Snowlines I – Cirque Floors n n Permanent snowfields? No – glaciers! Cirque floor Snowlines I – Cirque Floors n n Permanent snowfields? No – glaciers! Cirque floor elevations Maximum erosion at minimum size n Problems = size, timing n

Snowlines II – Lateral Moraines n Highest laterals = initiation of deposition [discuss more Snowlines II – Lateral Moraines n Highest laterals = initiation of deposition [discuss more with “glacier flow” ? ] n Problem = postglacial slope erosion/removal

Snowlines III – Glaciation Threshold n n True “snowline” Problems = many Area? n Snowlines III – Glaciation Threshold n n True “snowline” Problems = many Area? n Topography? n Summits > glacier elevations n

Snowlines IV – THAR n n n Toe-headwall altitude ratio Requires reconstruction Assumes known Snowlines IV – THAR n n n Toe-headwall altitude ratio Requires reconstruction Assumes known “correct” ratio – 40%?

Snowlines V – AAR n Accumulation area ratio n Requires complete reconstruction n Assumes Snowlines V – AAR n Accumulation area ratio n Requires complete reconstruction n Assumes correct ratio. 55–. 60–. 65 ? n [topo map method]

Snowline Comparisons n Meierding (1982) CO Front Range n tried many ratios n n Snowline Comparisons n Meierding (1982) CO Front Range n tried many ratios n n Locke (1990) Montana n small glaciers n s. d. ~ 350 m n CF (n=12) LM (45) GT (13) THAR (24) AAR (24) 3161 m 3188 3388 3161 (40%) 3163 (65%) CF (n=400) 2347 m LM (321) 2121 THAR (330) 2355 (40%) AAR (264) 2353 (65%)

ELA = representative? n Many studies say so! n e. g. , Sutherland (1984) ELA = representative? n Many studies say so! n e. g. , Sutherland (1984) n ELA balance represents average winter balance for entire glacier n Measure once – use a lot!

Glacial Climates n Glaciers exist only in a narrow range of climates = f(winter Glacial Climates n Glaciers exist only in a narrow range of climates = f(winter ppt and summer T) n = f(P, T, and continentality n

Glacial Climates Glacial Climates

Controls on Snowlines I – Latitude n Latitude ≈ temperature (treeline) n n Latitude Controls on Snowlines I – Latitude n Latitude ≈ temperature (treeline) n n Latitude ≠ precipitation (snowlines) n n highest near equator saddle near equator Weak gradients (<1 m/km)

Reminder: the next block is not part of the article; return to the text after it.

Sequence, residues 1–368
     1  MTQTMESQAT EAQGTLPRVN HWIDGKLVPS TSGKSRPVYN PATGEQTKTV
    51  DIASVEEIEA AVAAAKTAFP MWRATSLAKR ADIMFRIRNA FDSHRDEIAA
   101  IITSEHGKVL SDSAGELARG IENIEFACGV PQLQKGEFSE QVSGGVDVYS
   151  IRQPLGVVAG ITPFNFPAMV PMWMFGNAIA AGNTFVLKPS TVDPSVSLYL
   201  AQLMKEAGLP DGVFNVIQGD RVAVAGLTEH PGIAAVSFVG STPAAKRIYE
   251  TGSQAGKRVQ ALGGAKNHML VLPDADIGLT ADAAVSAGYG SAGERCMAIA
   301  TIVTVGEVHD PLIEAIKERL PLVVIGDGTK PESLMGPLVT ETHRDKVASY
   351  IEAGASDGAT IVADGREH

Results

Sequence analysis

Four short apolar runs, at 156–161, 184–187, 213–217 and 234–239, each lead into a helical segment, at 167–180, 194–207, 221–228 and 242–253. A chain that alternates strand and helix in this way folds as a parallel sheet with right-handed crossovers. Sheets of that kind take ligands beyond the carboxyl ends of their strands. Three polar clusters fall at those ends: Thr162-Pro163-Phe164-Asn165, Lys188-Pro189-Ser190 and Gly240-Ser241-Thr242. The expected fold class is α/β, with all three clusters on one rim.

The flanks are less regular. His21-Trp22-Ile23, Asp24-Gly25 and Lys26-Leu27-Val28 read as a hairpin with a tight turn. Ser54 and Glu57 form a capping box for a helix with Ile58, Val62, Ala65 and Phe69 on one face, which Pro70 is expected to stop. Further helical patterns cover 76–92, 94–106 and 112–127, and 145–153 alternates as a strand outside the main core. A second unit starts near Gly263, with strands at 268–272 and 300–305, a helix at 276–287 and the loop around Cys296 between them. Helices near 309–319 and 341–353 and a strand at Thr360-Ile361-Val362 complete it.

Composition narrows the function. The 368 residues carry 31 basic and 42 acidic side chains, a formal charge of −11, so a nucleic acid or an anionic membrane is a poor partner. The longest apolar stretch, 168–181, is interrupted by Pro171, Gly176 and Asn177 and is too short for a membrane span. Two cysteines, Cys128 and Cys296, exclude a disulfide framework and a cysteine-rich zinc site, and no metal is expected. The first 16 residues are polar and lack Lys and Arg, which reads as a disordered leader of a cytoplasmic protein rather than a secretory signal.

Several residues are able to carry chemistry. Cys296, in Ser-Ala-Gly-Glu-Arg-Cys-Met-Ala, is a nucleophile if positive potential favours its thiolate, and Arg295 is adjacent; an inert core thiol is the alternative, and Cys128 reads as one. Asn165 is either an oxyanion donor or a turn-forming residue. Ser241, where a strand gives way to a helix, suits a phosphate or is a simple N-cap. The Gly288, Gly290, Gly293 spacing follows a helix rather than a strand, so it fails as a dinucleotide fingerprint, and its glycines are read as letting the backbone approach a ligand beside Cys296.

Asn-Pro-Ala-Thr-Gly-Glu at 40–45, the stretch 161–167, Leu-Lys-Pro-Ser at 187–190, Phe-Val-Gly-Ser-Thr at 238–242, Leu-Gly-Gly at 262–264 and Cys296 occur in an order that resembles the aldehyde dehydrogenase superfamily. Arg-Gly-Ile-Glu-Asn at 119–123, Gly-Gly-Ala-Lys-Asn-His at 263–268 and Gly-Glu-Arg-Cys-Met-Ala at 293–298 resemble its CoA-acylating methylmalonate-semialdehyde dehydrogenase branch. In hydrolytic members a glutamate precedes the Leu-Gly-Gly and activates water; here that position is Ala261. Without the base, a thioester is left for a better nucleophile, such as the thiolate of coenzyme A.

Controls II – Continentality n n n Lowest near moisture source Higher inland Strong Controls II – Continentality n n n Lowest near moisture source Higher inland Strong gradients n up to 10 m/km

No Hem Glaciers n n n Latitude? Continentality Ocean currents n Local precipitation No Hem Glaciers n n n Latitude? Continentality Ocean currents n Local precipitation

Temporal Resolution n Glaciers respond at annual to decadal scales Temporal Resolution n Glaciers respond at annual to decadal scales

Temporal Inconsistency n n Not all glaciers respond similarly Not even glaciers in the Temporal Inconsistency n n Not all glaciers respond similarly Not even glaciers in the same region!

Temporal Inconsistency n n Not all glaciers respond similarly Not even glaciers in the Temporal Inconsistency n n Not all glaciers respond similarly Not even glaciers in the same region!

Wahrhaftig and Birman, 1965 n Sierra Nevada n Note effects of subtropical high & Wahrhaftig and Birman, 1965 n Sierra Nevada n Note effects of subtropical high & rain shadow Pleistocene Snowlines I

Pleistocene Snowlines II n n US West (Porter et al. 1983) Effects of: Sub. Pleistocene Snowlines II n n US West (Porter et al. 1983) Effects of: Sub. T High n Westerlies n Storm tracks n Orography n

Pleistocene Snowlines II Pleistocene Snowlines II

Montana Climate & Glaciers n n Glaciers Inferred air mass movement Residuals Inferred causes Montana Climate & Glaciers n n Glaciers Inferred air mass movement Residuals Inferred causes

MT/ID Paleoclimate n n Complex pattern! More detailed than modern weather stations and SNOTEL MT/ID Paleoclimate n n Complex pattern! More detailed than modern weather stations and SNOTEL sites!

Spatial Resolution n n Humlum (1985) West Greenland Local data are consistent Needs no Spatial Resolution n n Humlum (1985) West Greenland Local data are consistent Needs no smoothing High resolution!